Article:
Cal Berkeley GraphX
C’mon Bears, cut it out. It’s getting embarrassing how much Spark related output there has been recently. In a good way!
From social networks to targeted advertising, big graphs capture the structure in data and are central to recent advances in machine learning and data mining. Unfortunately, directly applying existing data-parallel tools to graph computation tasks can be cumbersome and inefficient. The need for intuitive, scalable tools for graph computation has lead to the development of new graph-parallel systems (e.g. Pregel, PowerGraph) which are designed to efficiently execute graph algorithms. Unfortunately, these new graph-parallel systems do not address the challenges of graph construction and transformation which are often just as problematic as the subsequent computation. Furthermore, existing graph-parallel systems provide limited fault-tolerance and support for interactive data mining.
We introduce GraphX, which combines the advantages of both data-parallel and graph-parallel systems by efficiently expressing graph computation within the Spark data-parallel framework. We leverage new ideas in distributed graph representation to efficiently distribute graphs as tabular data-structures. Similarly, we leverage advances in data-flow systems to exploit in-memory computation and fault-tolerance. We provide powerful new operations to simplify graph construction and transformation. Using these primitives we implement the PowerGraph and Pregel abstractions in less than 20 lines of code. Finally, by exploiting the Scala foundation of Spark, we enable users to interactively load, transform, and compute on massive graphs.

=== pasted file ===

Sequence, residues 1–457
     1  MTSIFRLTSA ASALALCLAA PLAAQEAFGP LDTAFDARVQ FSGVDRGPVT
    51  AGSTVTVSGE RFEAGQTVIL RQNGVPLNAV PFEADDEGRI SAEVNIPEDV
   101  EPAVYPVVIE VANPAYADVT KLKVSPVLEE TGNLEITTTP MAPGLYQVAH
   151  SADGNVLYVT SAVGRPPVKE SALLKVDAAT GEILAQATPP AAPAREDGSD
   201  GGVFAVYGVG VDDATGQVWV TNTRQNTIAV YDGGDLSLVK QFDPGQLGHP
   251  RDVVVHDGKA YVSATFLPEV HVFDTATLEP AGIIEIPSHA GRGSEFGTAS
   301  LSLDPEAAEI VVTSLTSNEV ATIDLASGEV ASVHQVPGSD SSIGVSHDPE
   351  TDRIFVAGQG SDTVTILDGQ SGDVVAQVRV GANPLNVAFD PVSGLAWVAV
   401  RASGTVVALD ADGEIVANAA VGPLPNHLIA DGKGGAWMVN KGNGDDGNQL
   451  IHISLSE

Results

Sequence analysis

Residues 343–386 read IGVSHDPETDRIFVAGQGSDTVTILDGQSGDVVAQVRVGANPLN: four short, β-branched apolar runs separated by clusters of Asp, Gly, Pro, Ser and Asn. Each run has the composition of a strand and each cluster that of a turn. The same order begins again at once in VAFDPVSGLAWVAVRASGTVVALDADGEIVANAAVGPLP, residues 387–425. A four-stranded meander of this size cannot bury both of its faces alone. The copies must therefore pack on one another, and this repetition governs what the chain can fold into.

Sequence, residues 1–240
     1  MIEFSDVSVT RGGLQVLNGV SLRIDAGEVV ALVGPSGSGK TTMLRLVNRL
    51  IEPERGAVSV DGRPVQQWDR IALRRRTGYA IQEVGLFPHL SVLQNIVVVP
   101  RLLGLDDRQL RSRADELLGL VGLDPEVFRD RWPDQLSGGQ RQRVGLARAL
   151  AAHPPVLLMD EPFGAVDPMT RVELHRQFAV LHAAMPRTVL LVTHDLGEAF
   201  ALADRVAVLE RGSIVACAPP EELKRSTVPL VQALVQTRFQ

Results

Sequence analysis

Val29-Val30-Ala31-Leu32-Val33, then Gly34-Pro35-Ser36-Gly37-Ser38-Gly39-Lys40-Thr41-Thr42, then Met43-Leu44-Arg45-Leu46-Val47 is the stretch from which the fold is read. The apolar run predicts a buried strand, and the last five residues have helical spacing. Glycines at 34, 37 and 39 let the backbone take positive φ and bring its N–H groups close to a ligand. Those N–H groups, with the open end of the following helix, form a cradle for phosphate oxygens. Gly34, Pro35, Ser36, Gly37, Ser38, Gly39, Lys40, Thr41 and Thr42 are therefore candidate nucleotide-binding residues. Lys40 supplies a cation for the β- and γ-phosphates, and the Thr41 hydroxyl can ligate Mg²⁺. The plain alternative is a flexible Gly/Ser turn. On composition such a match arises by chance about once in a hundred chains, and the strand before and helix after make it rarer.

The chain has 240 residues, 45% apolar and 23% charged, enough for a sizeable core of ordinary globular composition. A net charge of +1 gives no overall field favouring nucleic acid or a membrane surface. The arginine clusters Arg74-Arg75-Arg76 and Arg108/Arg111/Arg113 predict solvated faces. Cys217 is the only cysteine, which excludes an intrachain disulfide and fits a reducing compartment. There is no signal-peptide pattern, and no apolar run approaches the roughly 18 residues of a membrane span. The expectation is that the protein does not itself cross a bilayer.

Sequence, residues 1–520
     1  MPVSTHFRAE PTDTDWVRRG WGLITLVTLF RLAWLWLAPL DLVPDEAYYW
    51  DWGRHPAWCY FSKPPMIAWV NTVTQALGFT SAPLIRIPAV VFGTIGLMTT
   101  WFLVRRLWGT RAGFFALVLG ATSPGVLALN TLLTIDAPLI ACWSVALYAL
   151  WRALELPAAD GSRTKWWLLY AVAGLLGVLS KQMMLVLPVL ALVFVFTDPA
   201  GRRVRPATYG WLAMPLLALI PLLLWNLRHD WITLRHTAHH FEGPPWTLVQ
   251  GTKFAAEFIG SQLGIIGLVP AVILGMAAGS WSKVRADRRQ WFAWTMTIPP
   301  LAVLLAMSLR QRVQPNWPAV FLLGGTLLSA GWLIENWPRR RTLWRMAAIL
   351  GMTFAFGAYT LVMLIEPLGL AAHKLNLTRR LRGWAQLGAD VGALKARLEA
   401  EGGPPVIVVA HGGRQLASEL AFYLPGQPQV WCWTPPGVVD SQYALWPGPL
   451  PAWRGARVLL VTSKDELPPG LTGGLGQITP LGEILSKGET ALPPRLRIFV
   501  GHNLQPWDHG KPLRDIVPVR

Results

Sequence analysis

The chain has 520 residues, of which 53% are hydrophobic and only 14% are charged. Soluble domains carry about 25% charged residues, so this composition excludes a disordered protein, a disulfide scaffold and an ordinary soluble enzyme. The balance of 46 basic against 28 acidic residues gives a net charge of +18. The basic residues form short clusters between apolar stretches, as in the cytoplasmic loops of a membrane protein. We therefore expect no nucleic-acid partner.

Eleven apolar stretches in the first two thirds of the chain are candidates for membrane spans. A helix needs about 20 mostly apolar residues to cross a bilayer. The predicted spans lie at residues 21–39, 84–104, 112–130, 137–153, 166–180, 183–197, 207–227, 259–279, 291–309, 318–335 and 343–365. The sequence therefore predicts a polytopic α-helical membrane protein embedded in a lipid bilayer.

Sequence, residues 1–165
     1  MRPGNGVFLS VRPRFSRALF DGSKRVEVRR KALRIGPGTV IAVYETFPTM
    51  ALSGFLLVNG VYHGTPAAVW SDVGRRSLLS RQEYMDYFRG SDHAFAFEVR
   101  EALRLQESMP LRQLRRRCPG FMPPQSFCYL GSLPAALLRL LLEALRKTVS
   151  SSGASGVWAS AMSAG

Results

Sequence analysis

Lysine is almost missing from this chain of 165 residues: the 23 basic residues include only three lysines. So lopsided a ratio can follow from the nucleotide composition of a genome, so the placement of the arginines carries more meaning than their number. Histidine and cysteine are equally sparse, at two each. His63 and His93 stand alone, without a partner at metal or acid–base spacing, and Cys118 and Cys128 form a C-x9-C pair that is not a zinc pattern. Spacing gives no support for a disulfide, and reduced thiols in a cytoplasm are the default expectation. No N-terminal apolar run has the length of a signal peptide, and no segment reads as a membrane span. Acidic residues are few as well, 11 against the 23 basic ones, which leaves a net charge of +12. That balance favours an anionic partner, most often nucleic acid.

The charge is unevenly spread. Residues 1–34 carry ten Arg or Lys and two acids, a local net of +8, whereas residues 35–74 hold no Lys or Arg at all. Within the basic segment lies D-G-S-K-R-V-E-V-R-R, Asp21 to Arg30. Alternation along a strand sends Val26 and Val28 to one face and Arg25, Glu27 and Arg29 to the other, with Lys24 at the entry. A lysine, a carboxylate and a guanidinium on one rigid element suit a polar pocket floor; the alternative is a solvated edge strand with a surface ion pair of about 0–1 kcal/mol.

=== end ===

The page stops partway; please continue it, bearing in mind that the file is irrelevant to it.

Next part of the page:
Need to drill in to see how GraphX stacks up to the current spate of “big data” graph toolkits, especially GraphLab. Ben Lorica reports that GraphX is more oriented towards to programmer productivity as opposed to raw performance:
GraphX is a new, fault-tolerant, framework that runs within Spark. Its core data structure is an immutable graph5 (Resilient Distributed Graph – or RDG), and GraphX programs are a sequence of transformations on RDG’s (with each transformation yielding a new RDG). Transformations on RDG’s can affect nodes, edges, or both (depending on the state of neighboring edges and nodes). GraphX greatly enhances productivity by simplifying a range of tasks (graph loading, construction, transformation, and computations). But it does so at the expense of performance: early prototype algorithms written in GraphX were slower than those written in GraphLab/PowerGraph.